|Bought a ring from D.NEA||
I just wanted to post a brief note saying I bought a ring from D.NEA / AOTC for my girlfriend/fiance, Jana, and she's quite happy with it. I proposed with it last Saturday and she said "yes"
The diamond is a 0.74CT, Fancy Intense Blue, round brilliant, VVS-1. The ring is Pd 950 (95% palladium), with 5% ruthenium. I've attached a photograph from D.NEA.
Some key notes from my purchase experience:
1) Why buy synthetic? Summary: I'm not helping De Beers, the environmental impact of producing a synthetic diamond is significantly less, there are no human rights issues, the cost of a synthetic blue diamond is orders of magnitude lower than an equivalent mined diamond, they're unusual and I'd never seen a synthetic diamond before, I appreciate the technology it takes to produce them, and they have a "birth date." I hope that's clear
2) Why not buy synthetic? No good reasons in my view
3) D.NEA uses EGL-USA by default. It's just as well. I had the diamond evaluated at GIA and EGL-USA and found GIA's report less useful. EGL-USA simply provides better lab reports for synthetic diamonds. Moreover, GIA graded the diamond as "Vivid blue," and its clarity as "VVS." No 1 or 2. On the basis of this anecdote, there's no evidence that EGL-USA provides softer grades. More importantly, GIA's imprecise clarity grade and lack of cut information are inexcusable in my view. I'd be happy to post scans of the EGL-USA and GIA reports for comparison if anyone is interested.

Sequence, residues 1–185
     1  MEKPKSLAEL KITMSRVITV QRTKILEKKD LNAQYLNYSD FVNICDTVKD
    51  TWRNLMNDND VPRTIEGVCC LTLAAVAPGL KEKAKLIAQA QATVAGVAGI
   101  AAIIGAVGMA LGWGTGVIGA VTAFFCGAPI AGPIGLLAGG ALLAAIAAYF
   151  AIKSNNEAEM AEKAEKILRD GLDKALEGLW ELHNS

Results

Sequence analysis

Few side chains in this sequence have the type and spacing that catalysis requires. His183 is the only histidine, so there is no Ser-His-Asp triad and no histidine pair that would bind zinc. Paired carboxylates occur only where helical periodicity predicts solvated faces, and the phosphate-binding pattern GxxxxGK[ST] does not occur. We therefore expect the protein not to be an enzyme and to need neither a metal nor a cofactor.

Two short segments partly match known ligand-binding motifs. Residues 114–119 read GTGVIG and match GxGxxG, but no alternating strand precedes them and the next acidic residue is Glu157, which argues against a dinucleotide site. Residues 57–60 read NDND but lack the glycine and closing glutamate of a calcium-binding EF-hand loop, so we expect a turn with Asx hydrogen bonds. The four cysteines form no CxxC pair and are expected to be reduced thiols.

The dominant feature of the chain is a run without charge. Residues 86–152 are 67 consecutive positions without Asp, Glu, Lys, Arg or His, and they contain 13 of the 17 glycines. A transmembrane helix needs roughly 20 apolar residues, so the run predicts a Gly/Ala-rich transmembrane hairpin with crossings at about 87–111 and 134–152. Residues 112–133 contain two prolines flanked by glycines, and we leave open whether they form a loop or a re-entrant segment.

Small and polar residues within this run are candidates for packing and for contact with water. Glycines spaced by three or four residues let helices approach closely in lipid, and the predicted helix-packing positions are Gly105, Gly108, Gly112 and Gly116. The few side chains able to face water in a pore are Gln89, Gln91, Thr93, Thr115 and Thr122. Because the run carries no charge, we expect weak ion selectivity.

4) I'd like to see a study or discussion about how to cut colored diamonds. Traditionally, it's my understanding that colored diamonds are cut to maximize their apparent color. However, reduced light return, brilliance, and fire would seem to be the result. Given that synthetic diamonds can be arbitrarily saturated -- what would make the most sense?
5) D.NEA was a great company to buy from, and I'd recommend them without hesitation. Their website is http://d.neadiamonds.com
I wrote an article that provides considerably more depth than this and posted it on my personal web page. However, PriceScope prohibits links to personal web pages, so I will simply say that my name is Matthew J. Renzelmann and that the article is available via the first Google hit in case you'd like to read more. Disclaimer: I'm presently a student at the University of Wisconsin in computer science and thus don't know much about gemology -- but I do know that Jana approved of the ring
Specs on the diamond:
Thanks for reading.